Thursday, March 09, 2006

The Low Spark of Indie Boys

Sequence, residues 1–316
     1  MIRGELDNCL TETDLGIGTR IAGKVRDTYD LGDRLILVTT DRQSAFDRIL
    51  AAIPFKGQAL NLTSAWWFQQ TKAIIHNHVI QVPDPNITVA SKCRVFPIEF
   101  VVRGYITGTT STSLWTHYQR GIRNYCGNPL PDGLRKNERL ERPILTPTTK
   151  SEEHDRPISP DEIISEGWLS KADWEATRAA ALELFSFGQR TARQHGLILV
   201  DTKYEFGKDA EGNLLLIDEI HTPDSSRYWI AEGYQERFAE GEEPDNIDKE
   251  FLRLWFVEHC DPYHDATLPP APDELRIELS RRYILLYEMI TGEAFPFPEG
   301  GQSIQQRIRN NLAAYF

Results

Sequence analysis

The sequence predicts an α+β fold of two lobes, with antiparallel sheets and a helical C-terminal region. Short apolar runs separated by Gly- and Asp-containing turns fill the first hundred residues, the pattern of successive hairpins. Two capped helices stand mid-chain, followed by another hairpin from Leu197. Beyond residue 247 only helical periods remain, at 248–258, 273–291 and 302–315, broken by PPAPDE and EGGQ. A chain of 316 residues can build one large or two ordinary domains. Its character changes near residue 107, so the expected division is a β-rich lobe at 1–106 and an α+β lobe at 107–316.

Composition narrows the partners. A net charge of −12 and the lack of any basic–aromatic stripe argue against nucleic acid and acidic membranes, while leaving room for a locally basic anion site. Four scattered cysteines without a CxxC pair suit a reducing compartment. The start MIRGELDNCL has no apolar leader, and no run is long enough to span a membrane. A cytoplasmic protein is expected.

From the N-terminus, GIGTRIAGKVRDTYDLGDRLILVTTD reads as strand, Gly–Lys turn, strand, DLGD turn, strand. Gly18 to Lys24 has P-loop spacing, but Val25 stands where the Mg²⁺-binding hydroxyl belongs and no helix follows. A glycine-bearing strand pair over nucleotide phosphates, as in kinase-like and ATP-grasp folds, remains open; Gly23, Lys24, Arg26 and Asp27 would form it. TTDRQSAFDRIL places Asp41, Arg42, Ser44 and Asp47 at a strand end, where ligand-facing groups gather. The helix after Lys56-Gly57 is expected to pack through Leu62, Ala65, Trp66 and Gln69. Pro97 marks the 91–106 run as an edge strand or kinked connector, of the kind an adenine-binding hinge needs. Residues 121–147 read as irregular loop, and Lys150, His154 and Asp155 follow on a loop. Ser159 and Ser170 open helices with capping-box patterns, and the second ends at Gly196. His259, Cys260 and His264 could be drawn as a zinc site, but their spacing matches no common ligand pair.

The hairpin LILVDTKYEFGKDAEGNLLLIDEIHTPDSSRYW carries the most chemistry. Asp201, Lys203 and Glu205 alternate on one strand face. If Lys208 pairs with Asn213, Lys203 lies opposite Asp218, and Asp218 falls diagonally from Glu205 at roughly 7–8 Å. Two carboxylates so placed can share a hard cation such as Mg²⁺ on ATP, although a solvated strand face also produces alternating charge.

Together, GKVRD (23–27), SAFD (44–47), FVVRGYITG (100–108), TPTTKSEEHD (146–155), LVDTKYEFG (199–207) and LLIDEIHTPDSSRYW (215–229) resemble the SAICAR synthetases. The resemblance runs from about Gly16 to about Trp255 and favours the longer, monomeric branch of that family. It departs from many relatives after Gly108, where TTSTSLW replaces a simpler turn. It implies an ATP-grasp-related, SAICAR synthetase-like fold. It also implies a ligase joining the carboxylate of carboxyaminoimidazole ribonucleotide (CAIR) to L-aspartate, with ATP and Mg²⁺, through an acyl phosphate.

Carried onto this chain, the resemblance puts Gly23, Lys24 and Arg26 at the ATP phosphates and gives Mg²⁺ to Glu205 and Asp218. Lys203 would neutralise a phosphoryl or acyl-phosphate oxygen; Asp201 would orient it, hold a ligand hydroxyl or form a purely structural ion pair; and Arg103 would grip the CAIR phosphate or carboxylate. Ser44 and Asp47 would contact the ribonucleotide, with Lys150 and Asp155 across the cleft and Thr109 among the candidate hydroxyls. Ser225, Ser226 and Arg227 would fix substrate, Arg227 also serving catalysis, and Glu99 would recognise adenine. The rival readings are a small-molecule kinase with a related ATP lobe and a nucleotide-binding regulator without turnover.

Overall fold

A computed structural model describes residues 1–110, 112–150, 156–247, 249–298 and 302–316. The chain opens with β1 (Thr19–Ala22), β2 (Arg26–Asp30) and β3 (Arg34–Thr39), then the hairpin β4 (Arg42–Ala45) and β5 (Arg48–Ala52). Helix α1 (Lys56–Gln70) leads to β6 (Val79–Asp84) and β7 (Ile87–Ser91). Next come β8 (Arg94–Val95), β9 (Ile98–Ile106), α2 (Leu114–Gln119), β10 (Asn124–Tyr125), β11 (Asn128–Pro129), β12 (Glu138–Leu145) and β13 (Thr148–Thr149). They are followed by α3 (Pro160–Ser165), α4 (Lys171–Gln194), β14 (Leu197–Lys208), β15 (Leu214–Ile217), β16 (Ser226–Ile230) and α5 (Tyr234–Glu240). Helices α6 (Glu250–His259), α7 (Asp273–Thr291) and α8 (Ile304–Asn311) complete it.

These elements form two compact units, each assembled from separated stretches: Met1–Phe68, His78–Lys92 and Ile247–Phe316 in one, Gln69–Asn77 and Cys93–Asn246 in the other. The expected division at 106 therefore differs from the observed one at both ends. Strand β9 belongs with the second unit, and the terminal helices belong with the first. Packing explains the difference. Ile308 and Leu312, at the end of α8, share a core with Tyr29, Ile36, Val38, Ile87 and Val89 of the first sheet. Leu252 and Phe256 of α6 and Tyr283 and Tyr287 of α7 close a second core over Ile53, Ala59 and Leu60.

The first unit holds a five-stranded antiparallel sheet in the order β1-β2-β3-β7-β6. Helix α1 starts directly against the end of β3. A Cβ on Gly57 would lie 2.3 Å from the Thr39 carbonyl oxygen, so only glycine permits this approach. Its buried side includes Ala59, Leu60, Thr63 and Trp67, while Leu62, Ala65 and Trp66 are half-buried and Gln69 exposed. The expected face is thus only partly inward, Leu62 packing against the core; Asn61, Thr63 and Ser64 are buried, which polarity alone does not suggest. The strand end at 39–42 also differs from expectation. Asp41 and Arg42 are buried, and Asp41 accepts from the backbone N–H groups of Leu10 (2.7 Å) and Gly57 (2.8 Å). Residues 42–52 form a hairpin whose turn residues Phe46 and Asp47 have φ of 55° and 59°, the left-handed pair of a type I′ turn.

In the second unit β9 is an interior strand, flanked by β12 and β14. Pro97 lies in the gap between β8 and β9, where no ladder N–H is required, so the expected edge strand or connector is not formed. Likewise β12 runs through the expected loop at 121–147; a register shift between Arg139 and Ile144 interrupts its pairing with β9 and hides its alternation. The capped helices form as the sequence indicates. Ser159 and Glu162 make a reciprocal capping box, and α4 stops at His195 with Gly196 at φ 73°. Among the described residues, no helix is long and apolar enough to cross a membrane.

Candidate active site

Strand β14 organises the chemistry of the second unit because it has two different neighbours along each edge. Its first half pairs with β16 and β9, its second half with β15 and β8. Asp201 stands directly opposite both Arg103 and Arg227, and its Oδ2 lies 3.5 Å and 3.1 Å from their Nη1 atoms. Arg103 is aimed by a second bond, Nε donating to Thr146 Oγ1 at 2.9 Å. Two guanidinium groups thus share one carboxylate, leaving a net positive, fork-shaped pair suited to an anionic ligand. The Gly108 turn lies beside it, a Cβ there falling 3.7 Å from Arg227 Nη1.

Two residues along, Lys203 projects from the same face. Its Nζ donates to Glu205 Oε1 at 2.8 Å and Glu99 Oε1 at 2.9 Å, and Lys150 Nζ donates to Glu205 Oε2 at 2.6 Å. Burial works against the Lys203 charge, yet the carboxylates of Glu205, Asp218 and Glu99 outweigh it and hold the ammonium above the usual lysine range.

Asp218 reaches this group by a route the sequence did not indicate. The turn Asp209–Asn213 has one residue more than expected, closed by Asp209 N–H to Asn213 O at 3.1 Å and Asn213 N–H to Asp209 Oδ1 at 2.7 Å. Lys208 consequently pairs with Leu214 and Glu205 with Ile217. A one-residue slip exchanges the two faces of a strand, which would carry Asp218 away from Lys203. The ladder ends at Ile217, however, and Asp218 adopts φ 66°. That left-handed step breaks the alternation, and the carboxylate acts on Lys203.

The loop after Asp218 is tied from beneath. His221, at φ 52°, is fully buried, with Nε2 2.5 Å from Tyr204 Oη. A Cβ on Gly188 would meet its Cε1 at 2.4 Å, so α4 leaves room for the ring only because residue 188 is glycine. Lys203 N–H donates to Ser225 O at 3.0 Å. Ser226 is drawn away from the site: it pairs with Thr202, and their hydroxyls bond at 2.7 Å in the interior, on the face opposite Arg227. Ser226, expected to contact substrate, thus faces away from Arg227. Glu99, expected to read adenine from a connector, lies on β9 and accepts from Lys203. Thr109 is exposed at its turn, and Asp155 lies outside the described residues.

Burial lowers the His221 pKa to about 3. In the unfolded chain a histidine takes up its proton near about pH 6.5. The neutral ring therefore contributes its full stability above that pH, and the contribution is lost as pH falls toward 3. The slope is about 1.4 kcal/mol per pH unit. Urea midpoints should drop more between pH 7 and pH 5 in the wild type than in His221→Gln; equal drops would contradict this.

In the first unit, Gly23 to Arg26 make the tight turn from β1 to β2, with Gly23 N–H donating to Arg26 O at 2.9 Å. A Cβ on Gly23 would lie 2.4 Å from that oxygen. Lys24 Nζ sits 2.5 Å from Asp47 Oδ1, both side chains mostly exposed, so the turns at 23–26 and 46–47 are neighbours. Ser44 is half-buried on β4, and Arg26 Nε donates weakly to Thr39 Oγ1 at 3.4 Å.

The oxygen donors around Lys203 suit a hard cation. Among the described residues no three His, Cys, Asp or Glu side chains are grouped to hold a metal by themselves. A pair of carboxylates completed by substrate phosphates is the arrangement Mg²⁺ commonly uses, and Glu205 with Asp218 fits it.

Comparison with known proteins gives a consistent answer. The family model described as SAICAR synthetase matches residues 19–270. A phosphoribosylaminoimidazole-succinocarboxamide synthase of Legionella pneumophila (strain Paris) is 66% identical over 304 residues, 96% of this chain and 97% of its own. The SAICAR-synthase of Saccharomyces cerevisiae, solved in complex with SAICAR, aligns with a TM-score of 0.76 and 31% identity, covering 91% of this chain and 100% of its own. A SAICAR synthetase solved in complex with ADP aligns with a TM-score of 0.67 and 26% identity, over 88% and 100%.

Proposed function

So, RogueR brought home this Copper Press zine, and I was flipping through it in the loo and came to an interview with Howe Gelb. I didn't even get to the first paragraph (which is kind of a good thing, since it's just a cutesy-woo piffle about Gelb asking the interviewer questions about dragging and dropping in iTunes while they're on the phone) before getting rageful; the italicized epigraph reads: "But spirit is something that no one destroys," -- Howe Gelb, "Low Spark of High-Heeled Boys." OK, sit with me for a second -- AAAAGGGGGHHHHH!!!!! I bet you're confused by my anger. So was I. But I finally figured out -- that misquoted preamble is SO much of why I hate music journalism, and shudder at the thought of being part of its tradition, in spite of the fact that that identity, of music scribe, was probably the most comfortable fit of my adult life so far. But man, oh man -- that epigram (epigraph? sorry) just shows that most writers think music journalism is an excuse to show off your own cleverness: It's about how spot-on your musical metaphors are, how well you trace out the "Ben Franklin having mushroom tea with the Donnas in the Mojave desert" lines in the journo sand. It's not about the historical line, the complexities of how Steve Winwood and Traffic begat Howe Gelb and Giant Sand. Fuck, in this case it's not even about HOW TO READ THE LINER NOTES, apparently. Because you wouldn't want anyone to know that you just got the cool rock shivers from STEVE FREAKIN' WINWOOD. That is SO not cool. You don't want anyone to think you were listening to "Higher Love" or nothin'. "Who, me? No, no, that was Springsteen's Nebraska, dude. You must've heard wrong."


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